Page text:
Citi’s ThankYou Rewards program launched a new way for customers to use their points on any item that can be purchased online. The new feature will turn accumulated ThankYou points into an account number, called a Rewards Account Number, which can be used like a debit or credit card number to pay for items at any online retailer.
“Whether you’re shopping for holiday gifts this season, or looking for a treat for yourself, Rewards Account Numbers provide the flexibility to use the points you’ve earned to make that online purchase your own reward,” said Mary Hines Droesch, head of ThankYou Rewards at Citi, in prepared remarks.
Customers with Citi credit cards that participate in the ThankYou Rewards program can generate a Rewards Account Number (accepted on MasterCard and Visa networks) for a specific amount of points. Every ThankYou point is the equivalent of 0.75 cents, or every 10,000 ThankYou points can be used to redeem $75.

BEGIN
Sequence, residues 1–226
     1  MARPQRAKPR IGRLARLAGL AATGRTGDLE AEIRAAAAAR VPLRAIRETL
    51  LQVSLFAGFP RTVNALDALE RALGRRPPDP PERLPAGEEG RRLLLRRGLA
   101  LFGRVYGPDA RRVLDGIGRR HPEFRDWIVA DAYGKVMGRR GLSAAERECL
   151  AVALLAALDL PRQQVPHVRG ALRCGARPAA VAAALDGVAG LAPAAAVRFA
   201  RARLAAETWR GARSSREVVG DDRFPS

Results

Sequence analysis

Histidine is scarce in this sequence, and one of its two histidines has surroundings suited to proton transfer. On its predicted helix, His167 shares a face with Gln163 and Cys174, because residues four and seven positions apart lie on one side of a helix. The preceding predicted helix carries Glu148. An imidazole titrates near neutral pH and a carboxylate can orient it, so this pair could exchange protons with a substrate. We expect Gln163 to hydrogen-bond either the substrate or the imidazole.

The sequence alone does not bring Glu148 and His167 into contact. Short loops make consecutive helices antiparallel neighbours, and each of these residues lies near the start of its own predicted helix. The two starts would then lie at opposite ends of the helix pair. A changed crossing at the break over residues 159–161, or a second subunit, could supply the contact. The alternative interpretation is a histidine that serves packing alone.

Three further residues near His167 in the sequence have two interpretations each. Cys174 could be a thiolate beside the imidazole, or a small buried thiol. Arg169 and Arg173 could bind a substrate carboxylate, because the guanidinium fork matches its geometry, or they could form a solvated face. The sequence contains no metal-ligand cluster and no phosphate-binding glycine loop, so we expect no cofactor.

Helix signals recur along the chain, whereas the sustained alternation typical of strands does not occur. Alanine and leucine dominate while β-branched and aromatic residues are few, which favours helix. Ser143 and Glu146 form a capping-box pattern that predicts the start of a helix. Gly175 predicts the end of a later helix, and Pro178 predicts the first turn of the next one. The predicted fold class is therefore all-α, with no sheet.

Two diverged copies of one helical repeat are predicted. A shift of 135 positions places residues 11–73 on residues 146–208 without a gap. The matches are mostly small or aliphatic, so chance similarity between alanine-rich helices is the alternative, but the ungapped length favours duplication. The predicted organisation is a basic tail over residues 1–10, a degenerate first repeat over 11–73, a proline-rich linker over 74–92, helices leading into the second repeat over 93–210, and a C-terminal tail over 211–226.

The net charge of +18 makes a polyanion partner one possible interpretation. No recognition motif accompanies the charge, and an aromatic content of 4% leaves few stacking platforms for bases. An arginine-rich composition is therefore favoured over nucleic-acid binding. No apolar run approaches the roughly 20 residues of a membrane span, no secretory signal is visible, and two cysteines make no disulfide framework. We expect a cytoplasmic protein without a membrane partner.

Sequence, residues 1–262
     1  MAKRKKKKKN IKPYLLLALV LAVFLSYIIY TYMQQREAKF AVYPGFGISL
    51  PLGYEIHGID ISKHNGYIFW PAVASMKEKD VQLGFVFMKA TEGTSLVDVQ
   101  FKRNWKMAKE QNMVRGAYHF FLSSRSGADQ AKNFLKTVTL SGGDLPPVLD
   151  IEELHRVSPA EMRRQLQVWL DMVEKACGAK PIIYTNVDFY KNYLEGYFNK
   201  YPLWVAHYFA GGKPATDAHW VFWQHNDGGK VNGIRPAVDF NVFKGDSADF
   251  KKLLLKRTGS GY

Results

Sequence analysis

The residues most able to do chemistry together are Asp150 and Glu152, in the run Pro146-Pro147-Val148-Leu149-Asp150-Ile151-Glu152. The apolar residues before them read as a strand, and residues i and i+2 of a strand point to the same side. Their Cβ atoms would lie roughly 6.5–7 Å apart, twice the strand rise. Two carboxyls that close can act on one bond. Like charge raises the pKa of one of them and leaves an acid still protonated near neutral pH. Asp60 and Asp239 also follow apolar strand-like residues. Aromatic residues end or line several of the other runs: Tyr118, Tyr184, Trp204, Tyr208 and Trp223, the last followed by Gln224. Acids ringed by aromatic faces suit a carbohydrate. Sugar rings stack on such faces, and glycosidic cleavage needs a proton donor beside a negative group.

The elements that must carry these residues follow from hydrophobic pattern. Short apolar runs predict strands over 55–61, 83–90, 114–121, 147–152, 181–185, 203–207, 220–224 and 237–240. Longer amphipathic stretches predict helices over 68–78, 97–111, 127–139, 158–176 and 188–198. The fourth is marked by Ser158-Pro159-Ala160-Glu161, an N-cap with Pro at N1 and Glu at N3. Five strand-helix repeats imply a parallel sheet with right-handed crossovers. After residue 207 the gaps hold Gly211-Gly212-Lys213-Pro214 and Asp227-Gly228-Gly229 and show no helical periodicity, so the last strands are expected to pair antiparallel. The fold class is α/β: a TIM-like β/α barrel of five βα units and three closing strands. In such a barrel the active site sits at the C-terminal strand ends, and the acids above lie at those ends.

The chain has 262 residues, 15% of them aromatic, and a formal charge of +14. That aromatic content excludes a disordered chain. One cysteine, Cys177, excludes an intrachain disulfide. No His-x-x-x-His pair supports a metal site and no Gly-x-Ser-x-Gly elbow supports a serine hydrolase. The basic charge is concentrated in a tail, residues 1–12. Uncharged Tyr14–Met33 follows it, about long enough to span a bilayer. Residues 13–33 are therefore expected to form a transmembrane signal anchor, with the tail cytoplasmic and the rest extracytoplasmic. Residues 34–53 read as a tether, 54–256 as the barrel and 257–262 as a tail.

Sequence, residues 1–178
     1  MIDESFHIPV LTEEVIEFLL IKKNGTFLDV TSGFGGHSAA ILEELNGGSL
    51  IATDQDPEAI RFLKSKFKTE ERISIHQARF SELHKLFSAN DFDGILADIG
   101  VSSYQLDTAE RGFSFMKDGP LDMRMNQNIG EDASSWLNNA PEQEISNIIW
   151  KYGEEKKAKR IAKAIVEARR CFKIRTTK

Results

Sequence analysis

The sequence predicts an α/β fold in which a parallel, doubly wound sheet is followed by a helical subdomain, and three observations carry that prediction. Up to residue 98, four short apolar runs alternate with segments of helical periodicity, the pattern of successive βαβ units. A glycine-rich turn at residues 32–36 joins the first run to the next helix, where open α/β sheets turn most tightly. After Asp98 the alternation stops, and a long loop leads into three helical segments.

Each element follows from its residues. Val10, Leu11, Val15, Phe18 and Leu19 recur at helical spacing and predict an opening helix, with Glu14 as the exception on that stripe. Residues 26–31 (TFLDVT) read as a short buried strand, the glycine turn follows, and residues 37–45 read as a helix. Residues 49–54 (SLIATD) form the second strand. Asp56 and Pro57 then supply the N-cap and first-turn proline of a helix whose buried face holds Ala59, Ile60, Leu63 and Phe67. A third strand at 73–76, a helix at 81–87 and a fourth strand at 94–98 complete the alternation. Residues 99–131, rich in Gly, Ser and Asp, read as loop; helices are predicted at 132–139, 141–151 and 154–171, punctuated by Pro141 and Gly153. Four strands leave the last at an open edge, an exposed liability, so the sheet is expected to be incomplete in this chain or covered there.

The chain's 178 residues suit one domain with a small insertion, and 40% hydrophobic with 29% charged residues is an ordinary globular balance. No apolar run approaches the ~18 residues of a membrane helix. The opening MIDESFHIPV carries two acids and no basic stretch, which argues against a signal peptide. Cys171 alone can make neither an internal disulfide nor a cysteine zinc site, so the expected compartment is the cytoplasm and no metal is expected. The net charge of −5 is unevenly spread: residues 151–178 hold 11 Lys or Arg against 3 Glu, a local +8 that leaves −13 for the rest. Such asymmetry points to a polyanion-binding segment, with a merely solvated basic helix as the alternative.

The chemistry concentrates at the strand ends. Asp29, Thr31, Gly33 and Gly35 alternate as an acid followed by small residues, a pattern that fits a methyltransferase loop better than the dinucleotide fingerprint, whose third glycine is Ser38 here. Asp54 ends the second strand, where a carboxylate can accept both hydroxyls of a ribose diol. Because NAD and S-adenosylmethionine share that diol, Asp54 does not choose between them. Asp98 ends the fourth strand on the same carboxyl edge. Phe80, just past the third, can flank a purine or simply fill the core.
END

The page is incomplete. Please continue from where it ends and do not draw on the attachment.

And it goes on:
When making an online purchase, customers can provide the Rewards Account Number as they would with any debit or credit card number. Any unused points allocated toward a Rewards Account Number will be returned to the customer.
The purchase appears as a regular transaction on credit card statements, but there will also be a statement credit applied to the card account.
Since there is plenty of freedom for ThankYou Rewards members, a Rewards Account Number doesn’t have to be limited to just online purchases. The Rewards Account Number can also be used to pay bills, student loans, membership fees and more.
Although the new feature is essentially a statement credit redemption, it offers more value than Citi ThankYou’s regular statement credit reward option, which has a value of 1 ThankYou point per 0.50 cents.
Citi is not the only credit card issuer to offer highly flexible ways for customers to redeem their rewards points. This month, American Express introduced its Use Points for Charges program, which lets customers redeem points to pay off specific charges on their accounts. Capital One is also known for its Purchase Eraser feature, which uses miles to “erase” a recent purchase.